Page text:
Getting Started
The Mythos of a Gen-X Male

A Former Republican Against Bush

Let me first establish my credentials. I became a Republican back in 1988 (when I was 14), despite the conservative Democrat family I grew up in. I voted for GHWBush in 1992 and bemoaned the election of Bill Clinton. I supported the impeachment and conviction of President Clinton. I voted for GWBush in 2000.

But I left the Republican Party in 2003 after deciding that the drift of the party over the last decade had left me outside of the party (I was always too much of an independent spirit anyway). I haven't joined the Democrat Party, I'm now an Independent (but that just doesn't feel very satisfying). This year I'll be voting for John Kerry. Why? Because even though I may not agree with Kerry on a lot of things, I don't thin we can vote for George W. Bush. Let me tell you why I'm, as a disaffected Republican, opposed to this President.

One thing I've long held to is fiscal responsibility. That's often called a conservative principle. Yet this President has been highly irresponsible with the public funds. One might respond that Ronald Reagan also ran up huge debts. I've always viewed that as required by ending the Cold War and cutting taxes to stimulate an economy that desperately needed it. Though the war on terror might require running a public debt, to cut taxes so severely after the greatest period of economic growth and prosperity in our history was unnecessary. Just a few years ago we were running surpluses. It looked like we had finally gotten in the fiscal house in order and would now be able to solve some of our abiding social problems. Now we are running huge debts and will be unable to afford to solve our lasting problems for some time. It is a betrayal of the "conservative" vision.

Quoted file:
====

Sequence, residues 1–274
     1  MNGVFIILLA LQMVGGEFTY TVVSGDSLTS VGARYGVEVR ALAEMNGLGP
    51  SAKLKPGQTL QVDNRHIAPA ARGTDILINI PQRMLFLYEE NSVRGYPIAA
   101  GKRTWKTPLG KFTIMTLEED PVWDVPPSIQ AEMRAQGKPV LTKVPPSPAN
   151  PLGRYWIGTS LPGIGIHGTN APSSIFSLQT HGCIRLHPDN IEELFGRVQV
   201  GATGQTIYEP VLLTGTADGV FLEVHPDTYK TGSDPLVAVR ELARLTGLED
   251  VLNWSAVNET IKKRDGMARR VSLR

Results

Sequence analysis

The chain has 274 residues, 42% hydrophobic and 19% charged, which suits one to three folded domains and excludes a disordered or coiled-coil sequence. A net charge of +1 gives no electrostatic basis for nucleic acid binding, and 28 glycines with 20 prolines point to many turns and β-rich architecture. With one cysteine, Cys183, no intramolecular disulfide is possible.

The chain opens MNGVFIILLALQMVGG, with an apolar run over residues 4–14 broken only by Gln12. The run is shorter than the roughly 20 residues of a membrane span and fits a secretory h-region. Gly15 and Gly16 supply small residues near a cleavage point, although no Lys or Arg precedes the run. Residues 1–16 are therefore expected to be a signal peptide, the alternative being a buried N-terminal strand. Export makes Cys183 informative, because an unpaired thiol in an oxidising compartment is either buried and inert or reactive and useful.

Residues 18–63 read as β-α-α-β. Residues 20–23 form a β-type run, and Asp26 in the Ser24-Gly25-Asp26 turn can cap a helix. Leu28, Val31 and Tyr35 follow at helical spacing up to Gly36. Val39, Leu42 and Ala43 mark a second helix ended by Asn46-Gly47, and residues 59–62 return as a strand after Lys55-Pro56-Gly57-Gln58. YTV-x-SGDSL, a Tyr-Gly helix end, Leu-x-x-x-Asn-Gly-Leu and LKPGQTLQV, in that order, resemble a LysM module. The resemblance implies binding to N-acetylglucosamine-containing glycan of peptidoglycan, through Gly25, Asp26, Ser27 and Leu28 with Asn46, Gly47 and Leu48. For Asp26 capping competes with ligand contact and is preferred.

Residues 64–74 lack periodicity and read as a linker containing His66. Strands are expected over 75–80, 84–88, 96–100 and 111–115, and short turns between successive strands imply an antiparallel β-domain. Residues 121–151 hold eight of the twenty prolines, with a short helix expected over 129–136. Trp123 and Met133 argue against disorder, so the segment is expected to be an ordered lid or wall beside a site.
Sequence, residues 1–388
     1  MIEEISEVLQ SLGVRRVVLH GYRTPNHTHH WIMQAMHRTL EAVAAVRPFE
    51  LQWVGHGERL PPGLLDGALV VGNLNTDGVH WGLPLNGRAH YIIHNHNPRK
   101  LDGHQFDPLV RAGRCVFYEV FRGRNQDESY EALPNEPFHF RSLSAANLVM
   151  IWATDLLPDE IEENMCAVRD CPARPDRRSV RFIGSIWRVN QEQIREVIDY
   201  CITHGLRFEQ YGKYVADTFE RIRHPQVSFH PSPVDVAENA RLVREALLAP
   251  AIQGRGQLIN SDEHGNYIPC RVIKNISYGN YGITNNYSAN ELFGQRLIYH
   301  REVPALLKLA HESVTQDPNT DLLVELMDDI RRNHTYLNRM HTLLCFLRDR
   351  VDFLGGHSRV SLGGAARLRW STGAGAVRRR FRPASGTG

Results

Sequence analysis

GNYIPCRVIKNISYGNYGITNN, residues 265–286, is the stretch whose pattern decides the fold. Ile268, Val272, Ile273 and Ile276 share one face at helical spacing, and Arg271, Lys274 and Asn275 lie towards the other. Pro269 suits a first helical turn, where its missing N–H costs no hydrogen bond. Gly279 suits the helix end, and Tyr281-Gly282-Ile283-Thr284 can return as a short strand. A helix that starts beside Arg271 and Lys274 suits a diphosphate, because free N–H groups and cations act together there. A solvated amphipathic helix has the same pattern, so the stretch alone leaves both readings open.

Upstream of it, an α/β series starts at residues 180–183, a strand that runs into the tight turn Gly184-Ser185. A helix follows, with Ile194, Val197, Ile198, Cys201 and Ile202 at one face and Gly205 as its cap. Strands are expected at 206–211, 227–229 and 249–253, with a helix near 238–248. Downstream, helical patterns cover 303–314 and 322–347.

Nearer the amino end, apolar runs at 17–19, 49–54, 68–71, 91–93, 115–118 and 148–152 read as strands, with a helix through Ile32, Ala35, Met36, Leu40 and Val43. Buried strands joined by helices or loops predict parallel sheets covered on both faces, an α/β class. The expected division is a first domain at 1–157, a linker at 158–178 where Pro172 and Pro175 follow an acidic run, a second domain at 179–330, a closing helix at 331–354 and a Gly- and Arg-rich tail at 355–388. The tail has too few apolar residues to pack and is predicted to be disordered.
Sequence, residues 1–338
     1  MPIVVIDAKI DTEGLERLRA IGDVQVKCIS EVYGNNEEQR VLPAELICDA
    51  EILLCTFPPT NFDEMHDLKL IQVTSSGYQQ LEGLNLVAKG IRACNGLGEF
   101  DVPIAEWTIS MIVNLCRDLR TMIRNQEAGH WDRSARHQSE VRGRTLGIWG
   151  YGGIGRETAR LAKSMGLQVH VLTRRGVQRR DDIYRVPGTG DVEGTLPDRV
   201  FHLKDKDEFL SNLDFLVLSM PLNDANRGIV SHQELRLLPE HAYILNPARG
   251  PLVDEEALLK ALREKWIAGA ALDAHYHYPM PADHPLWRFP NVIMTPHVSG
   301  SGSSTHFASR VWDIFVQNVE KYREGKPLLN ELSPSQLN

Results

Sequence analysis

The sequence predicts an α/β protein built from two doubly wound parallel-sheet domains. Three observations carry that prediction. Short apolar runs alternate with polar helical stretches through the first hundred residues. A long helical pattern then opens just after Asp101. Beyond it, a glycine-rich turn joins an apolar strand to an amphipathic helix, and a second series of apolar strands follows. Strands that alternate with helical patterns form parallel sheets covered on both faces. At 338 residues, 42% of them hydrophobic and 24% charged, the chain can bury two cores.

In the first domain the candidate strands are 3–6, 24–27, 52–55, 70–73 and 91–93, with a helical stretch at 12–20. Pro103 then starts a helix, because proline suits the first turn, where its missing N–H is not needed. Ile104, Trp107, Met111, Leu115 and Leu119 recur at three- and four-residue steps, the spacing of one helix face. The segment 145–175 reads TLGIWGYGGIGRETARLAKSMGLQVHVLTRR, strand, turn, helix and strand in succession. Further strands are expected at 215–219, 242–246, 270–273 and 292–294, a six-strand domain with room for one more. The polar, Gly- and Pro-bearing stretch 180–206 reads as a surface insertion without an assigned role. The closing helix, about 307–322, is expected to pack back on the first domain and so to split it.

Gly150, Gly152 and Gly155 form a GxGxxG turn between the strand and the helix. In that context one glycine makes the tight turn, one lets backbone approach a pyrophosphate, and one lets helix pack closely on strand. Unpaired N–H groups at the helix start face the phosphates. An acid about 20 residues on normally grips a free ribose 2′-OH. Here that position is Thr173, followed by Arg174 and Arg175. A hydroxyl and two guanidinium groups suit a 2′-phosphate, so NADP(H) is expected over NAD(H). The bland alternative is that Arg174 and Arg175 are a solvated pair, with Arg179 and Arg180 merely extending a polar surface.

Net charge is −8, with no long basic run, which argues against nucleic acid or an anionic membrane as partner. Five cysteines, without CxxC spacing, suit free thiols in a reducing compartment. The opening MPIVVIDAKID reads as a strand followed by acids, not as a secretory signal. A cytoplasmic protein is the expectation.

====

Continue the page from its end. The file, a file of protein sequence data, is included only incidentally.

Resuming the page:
As a environmentalist, I can't support this President. The Republican Party has had a long, glorious record on the environment. Teddy Roosevelt created the National Park system. It was under Richard Nixon that the Clean Air and Water Acts were passed, along with the Endangered Species Act. Under GHWBush there was the Wetlands Protection Act and a new Clean Air Act. But from everything I hear and read this administration has an abysmal record on the environment, betraying the long held principles of the party.